Published on June 23, 2016
PNG interbank mid-rate and mid-market exchange rates

Papua New Guinea’s evolving exchange rate regime

By Rohan Fox

Papua New Guinea has neither a purely floating currency, nor does it have a purely fixed currency. However, the institution of trading bands in June 2014 has led to less flexibility in the foreign exchange market. The graph below shows PNG’s transition from more a flexible regime to a less flexible one.

PNG interbank mid-rate and mid-market exchange rates

Sources: Interbank midrate: BPNG (data missing for the mid-rate from Jan 1 2009 – Dec 31 2009); Mid-market rate: Ozforex

The interbank mid-rate, the red line shown in the graph, is the average rate at which banks (including BPNG) trade foreign exchange with each other. The ‘mid-market rate’, the blue line shown in the graph, is the average of the rates at which banks are willing to buy and sell (in this case) US dollars for Kina with the broader market.

I conducted an econometric ‘Granger causality’ test to examine whether the movement of the market rate could be said to follow the movement of the interbank rate, or visa-versa, both after the trading bands were instituted, and before. According to the test, both before the interbank rate stopped moving in October 2013, and after the institution of trading bands, the market rate follows the movement of the central bank mid-rate, and not the other way around.

This is an interesting finding because it suggests continuity pre- and post-June 2014 (clearly between October 2013 and June 2014 the interbank rate lost its influence). What then is the nature of the change in the exchange rate regime before and after June 2014 when the trading bands were introduced?

One possibility is that before October 2013 the interbank rate was set by trades between PNG’s banks, including the central bank, whereas after October 2013 it has been set by fiat, by the Central Bank. This is consistent with the reduction in volatility in the interbank rate post October 2013. It is also consistent with the build-up over the last couple of years of excess demand for foreign exchange reserves. The backlog in foreign exchange orders is now said to total K3 billion.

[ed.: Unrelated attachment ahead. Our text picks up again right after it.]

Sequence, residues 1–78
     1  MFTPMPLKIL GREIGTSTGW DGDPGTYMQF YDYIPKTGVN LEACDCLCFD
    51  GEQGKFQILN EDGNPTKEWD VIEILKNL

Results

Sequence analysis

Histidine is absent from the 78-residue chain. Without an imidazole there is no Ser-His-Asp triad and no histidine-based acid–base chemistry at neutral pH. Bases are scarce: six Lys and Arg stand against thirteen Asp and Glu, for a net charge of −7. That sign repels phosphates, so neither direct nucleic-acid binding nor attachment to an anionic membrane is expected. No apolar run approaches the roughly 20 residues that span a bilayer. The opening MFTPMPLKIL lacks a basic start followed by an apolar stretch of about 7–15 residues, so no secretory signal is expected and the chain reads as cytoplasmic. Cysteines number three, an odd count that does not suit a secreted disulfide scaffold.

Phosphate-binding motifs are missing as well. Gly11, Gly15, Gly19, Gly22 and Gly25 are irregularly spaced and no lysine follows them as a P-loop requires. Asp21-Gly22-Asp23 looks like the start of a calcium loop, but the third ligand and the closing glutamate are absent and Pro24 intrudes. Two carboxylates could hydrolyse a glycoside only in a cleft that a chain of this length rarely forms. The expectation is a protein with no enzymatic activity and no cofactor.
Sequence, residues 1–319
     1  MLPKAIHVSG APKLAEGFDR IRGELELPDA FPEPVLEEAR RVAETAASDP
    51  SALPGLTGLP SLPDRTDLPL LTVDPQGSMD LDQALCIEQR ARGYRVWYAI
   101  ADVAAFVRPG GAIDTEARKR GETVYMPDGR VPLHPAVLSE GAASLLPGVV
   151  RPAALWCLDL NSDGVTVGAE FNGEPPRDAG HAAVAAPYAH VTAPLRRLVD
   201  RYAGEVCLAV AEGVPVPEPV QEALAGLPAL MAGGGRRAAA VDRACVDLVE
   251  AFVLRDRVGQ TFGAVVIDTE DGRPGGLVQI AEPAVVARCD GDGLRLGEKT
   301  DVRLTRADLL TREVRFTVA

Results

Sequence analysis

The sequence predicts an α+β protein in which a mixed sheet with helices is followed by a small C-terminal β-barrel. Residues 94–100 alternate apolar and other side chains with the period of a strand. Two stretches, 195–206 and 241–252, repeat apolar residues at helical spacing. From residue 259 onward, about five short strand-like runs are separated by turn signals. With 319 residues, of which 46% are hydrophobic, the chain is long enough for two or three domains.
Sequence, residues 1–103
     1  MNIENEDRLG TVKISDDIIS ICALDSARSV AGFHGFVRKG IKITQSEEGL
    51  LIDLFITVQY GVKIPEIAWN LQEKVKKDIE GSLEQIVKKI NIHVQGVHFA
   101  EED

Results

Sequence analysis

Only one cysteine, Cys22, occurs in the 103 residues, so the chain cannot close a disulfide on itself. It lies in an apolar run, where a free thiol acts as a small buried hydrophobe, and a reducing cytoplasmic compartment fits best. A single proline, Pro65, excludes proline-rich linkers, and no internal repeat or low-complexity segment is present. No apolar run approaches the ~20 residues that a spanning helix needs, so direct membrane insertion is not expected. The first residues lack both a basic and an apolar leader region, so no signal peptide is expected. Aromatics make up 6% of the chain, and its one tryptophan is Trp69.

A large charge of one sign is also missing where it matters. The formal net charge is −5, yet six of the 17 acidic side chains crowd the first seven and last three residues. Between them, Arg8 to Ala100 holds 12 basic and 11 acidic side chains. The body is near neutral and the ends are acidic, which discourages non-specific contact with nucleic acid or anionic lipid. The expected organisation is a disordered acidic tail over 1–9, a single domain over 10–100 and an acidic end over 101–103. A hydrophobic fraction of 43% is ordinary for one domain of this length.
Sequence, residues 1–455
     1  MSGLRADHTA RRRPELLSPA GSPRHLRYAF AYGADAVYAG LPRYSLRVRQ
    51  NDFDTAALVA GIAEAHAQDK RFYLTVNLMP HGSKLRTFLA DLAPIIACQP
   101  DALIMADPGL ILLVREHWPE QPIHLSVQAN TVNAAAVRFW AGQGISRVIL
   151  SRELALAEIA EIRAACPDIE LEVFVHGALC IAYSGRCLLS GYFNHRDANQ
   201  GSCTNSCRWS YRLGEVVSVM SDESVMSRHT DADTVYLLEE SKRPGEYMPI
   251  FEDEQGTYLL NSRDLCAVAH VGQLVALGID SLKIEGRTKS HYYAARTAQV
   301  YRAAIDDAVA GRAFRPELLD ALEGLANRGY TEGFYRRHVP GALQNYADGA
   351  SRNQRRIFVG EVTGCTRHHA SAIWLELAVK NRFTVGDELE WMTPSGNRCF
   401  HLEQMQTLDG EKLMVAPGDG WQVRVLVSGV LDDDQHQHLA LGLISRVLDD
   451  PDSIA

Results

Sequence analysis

This excess demand is an indicator that the interbank rate cannot be market-determined. That is why the trading bands are important. Given the trading bands, the market rate cannot now deviate from the interbank rate.

If the interbank rate is now set by the Central Bank, this would make PNG’s exchange rate regime a crawling peg, which is what the IMF most recently classified PNG’s exchange regime as. A crawling peg regime is defined by the IMF to exist when an exchange rate remains within a margin of 2 per cent relative to a trend for six months or more. It is not considered to be a floating regime. Based on an analysis I conducted of the official exchange rate after the institution of trading bands, a linear trend line, which reduces the exchange rate by 0.014 cents per day, explains 99 per cent of the movement in the exchange rate, i.e., it is within a margin of less than 2 per cent relative to the trend. Hence the IMF classification.

We can speculate on the reasons for this change from a managed float to a crawling peg. Perhaps as per the official reason, it was trying to reduce bank profits on foreign exchange trading. Additionally, the central bank could also have been trying to smooth what it saw as a temporary decline in the value of the Kina. With large resource projects like the Wafi Golpu gold mine, Total LNG and Frieda River copper mine looking to begin construction, this seems credible.

Whatever the reason, once global commodity prices fell, the game changed entirely. It was at this point that the inflexibility of the interbank rate resulted in greater problems for access to foreign exchange.

It will not be possible to quickly reverse the change back from a crawling peg to a managed float. There are some who say that a floating exchange rate will not clear the backlog of outstanding exchange orders. I agree. However, a significantly lower exchange rate would have the effect of improving access to foreign exchange, through higher supply and lower demand for foreign exchange. How much further does the exchange rate have to fall? International experience is a useful guide, as the next post in this two-part series will show.

Rohan Fox is the Partnership Coordinator for the Crawford ANU – SBPP UPNG partnership, which is funded by the Australian aid program under the Pacific Leadership and Governance PrecinctThis is the first post in a two-part series; find the second post here.

About the author/s

Rohan Fox
Rohan Fox is a Research Officer at the Development Policy Centre. He lectured in the economics program at the University of Papua New Guinea in 2015, 2016 and 2020.

Date downloaded: September 25, 2021
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